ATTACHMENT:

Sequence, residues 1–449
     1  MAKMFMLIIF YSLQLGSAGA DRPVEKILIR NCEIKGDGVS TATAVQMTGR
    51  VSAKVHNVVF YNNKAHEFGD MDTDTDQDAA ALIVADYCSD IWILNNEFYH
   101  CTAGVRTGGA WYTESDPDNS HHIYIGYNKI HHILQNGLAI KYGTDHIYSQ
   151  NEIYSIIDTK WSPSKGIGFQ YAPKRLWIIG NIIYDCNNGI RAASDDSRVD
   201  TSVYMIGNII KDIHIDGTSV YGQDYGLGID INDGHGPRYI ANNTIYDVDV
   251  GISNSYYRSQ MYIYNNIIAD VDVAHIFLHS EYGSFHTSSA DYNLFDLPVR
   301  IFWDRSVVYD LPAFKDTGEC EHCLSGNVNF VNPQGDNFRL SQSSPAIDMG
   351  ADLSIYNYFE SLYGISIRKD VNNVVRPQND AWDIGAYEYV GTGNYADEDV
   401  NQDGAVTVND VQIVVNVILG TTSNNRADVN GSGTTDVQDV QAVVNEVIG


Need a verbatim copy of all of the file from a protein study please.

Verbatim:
Sequence, residues 1–449
     1  MAKMFMLIIF YSLQLGSAGA DRPVEKILIR NCEIKGDGVS TATAVQMTGR
    51  VSAKVHNVVF YNNKAHEFGD MDTDTDQDAA ALIVADYCSD IWILNNEFYH
   101  CTAGVRTGGA WYTESDPDNS HHIYIGYNKI HHILQNGLAI KYGTDHIYSQ
   151  NEIYSIIDTK WSPSKGIGFQ YAPKRLWIIG NIIYDCNNGI RAASDDSRVD
   201  TSVYMIGNII KDIHIDGTSV YGQDYGLGID INDGHGPRYI ANNTIYDVDV
   251  GISNSYYRSQ MYIYNNIIAD VDVAHIFLHS EYGSFHTSSA DYNLFDLPVR
   301  IFWDRSVVYD LPAFKDTGEC EHCLSGNVNF VNPQGDNFRL SQSSPAIDMG
   351  ADLSIYNYFE SLYGISIRKD VNNVVRPQND AWDIGAYEYV GTGNYADEDV
   401  NQDGAVTVND VQIVVNVILG TTSNNRADVN GSGTTDVQDV QAVVNEVIG